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Nuclear power is the nation’s largest source of emissions-free electricity, accounting for 57 percent of domestic emissions-free electricity generation and 19.8 percent of total electricity generation. There are 99 reactors in 30 states. It is a reliable source of baseload (i.e., available most of the time) energy, operating with an average capacity factor greater than 90 percent. Given these characteristics, nuclear plays a significant part in ensuring reliable, zero-emissions electricity service.
In 2016, public power utilities generated 16.9 percent of their electricity from nuclear power. Public power utilities both own and operate nuclear reactors outright, or partner with other utilities to co-own a facility. In addition, public power utilities receive power from nuclear power plants through bilateral contracts, indirectly through electricity markets, or in the case of those located in the Tennessee Valley, by purchasing power generated by the Tennessee Valley Authority (TVA), which owns and operates several nuclear power plants.
The American Public Power Association (Association or APPA) supports the continued use of nuclear power, a key source of baseload, emissions-free electricity. The Association believes the federal government should make the construction of an interim storage facility for nuclear waste in a willing host community a priority. The Department of Energy (DOE) must also follow its statutory obligations and construct a final repository for nuclear waste, whether at Yucca Mountain, or another location. APPA also believes that federal policies should be enacted to facilitate the construction of new nuclear facilities and further the development of small modular reactors (SMRs). APPA also supports the decision to allow public power co-owners of new nuclear plants to allocate their portions of the production tax credit to other co-owners.
Spent Nuclear Fuel
The United States has long searched for a solution to address the back end of the nuclear fuel cycle (also referred to as spent nuclear fuel or “nuclear waste”). In 1982, Congress passed the Nuclear Waste Policy Act (NWPA), which assigned responsibility to DOE to site, construct, and operate a final repository for spent nuclear fuel. In 1987, Congress amended the NWPA and designated Yucca Mountain as the sole site for DOE to consider, after conducting studies of nine potential sites.
As part of the NWPA, a surcharge of one-tenth of one cent was placed on electricity produced from nuclear power plants to fund the federal government’s efforts to construct the final repository. Nuclear energy consumers, through this surcharge, paid a total of $30 billion into the nuclear waste fund, or more than $750 million per year. In 2008, DOE began pursuing a license with the Nuclear Regulatory Commission (NRC or Commission) to construct a facility at Yucca Mountain. However, despite spending nearly $15 billion dollars on the project, in 2009, the Obama administration eliminated funding for the project, and a year later, DOE moved to withdraw its license.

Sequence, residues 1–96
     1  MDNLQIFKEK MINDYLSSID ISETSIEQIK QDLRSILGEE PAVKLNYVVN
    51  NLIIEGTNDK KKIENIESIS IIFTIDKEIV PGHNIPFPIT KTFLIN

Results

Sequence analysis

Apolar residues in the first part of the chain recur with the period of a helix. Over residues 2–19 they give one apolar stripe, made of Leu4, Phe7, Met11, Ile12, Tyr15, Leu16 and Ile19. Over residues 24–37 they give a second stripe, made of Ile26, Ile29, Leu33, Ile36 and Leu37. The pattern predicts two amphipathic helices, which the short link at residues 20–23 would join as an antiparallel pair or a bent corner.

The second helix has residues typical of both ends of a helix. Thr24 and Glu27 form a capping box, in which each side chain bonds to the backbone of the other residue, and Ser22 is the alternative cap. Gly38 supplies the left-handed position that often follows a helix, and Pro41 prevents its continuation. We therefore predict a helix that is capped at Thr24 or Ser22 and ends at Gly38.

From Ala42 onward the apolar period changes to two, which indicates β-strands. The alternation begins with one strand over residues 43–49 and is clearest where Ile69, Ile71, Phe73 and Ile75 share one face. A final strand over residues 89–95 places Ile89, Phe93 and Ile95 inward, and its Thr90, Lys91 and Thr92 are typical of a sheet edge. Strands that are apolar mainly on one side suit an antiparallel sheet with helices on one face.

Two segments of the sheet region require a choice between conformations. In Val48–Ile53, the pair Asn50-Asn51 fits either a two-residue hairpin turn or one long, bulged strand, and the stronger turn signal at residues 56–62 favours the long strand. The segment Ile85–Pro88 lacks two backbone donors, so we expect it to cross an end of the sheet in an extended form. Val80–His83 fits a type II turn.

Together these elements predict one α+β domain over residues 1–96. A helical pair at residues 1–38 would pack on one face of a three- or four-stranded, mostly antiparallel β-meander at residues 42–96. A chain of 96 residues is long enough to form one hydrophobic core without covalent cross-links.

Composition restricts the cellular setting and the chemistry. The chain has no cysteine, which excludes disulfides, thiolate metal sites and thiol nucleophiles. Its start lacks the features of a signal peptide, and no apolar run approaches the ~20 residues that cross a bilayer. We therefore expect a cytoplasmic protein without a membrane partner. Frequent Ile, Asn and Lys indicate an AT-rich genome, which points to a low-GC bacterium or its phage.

Due to the federal government’s failure to fulfill its obligations under the NWPA to construct a repository, in 2013 the U.S. Court of Appeals for the D.C. Circuit ordered DOE to stop collecting the nuclear waste fee. Separately, on August 13, 2013, the court also ordered the NRC to use already obligated funds to resume its review of DOE’s Yucca Mountain license, which the Commission had stopped doing in 2010.
In 2014, NRC staff finished a five-volume safety evaluation report and found Yucca Mountain to be a safe location for the long-term storage of spent nuclear fuel. However, the report recommended against NRC approval of the site until land and water rights are acquired and a supplement to DOE’s environmental impact statement (EIS) is completed. While the NRC has been pressed to use its own funds to complete the EIS, it is unlikely that other necessary actions for approval will be completed without DOE cooperation or congressional action.
President Trump has made clear his intention to resume work on Yucca Mountain and included a request in his fiscal year (FY) 2018 and 2019 budgets to restart work on the facility and create a temporary storage program. While the President’s support for the project is a positive step, it is unclear whether the site will ever open given the opposition of the Nevada congressional delegation and the time it would take to restart the process at DOE.
Nuclear Production Tax Credit
The 2005 Energy Policy Act established a production tax credit (PTC) of 1.8 cents per kilowatt-hour of electricity produced during the first eight years of operation by advanced nuclear power facilities—although the PTC is available only to the first 6,000 MW of capacity placed in service. When public power utilities, rural cooperatives, and investor-owned utilities (IOUs)partner to construct and co-own a new nuclear plant, the PTC is divided among the plant’s owners on a pro-rata basis. However, due to their tax-exempt status, public power and rural cooperatives would not have benefited from the PTC allocated to them. The Bipartisan Budget Act of 2018 (P.L. 115-123) modified the advanced nuclear PTC to permit a public power utility or cooperative to allocate its portion of the PTC to other partners in the project, including an IOU co-owner or entities engaged in the design or construction of the project. Additionally, the new law eliminated a 2020 “placed-in-service” deadline for qualifying for the PTC. This will allow the full 6,000 MW of new capacity to claim the PTC, despite slower than expected construction of new advanced nuclear facilities.